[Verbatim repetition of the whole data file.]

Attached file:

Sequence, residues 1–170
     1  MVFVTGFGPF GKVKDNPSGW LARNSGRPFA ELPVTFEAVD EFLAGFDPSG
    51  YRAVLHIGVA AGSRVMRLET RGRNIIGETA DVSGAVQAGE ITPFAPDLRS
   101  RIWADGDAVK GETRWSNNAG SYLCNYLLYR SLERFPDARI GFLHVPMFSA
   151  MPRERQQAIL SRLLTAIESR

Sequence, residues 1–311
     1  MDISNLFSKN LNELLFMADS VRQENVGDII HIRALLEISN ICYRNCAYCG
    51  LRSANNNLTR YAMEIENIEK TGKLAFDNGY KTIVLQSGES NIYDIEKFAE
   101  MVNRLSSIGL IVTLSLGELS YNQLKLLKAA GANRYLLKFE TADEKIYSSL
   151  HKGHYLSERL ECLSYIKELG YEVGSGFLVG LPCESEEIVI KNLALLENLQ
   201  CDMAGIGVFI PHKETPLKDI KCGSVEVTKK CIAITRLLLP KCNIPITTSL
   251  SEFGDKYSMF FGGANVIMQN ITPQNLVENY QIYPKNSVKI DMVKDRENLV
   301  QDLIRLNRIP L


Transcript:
Sequence, residues 1–170
     1  MVFVTGFGPF GKVKDNPSGW LARNSGRPFA ELPVTFEAVD EFLAGFDPSG
    51  YRAVLHIGVA AGSRVMRLET RGRNIIGETA DVSGAVQAGE ITPFAPDLRS
   101  RIWADGDAVK GETRWSNNAG SYLCNYLLYR SLERFPDARI GFLHVPMFSA
   151  MPRERQQAIL SRLLTAIESR

Sequence, residues 1–311
     1  MDISNLFSKN LNELLFMADS VRQENVGDII HIRALLEISN ICYRNCAYCG
    51  LRSANNNLTR YAMEIENIEK TGKLAFDNGY KTIVLQSGES NIYDIEKFAE
   101  MVNRLSSIGL IVTLSLGELS YNQLKLLKAA GANRYLLKFE TADEKIYSSL
   151  HKGHYLSERL ECLSYIKELG YEVGSGFLVG LPCESEEIVI KNLALLENLQ
   201  CDMAGIGVFI PHKETPLKDI KCGSVEVTKK CIAITRLLLP KCNIPITTSL
   251  SEFGDKYSMF FGGANVIMQN ITPQNLVENY QIYPKNSVKI DMVKDRENLV
   301  QDLIRLNRIP L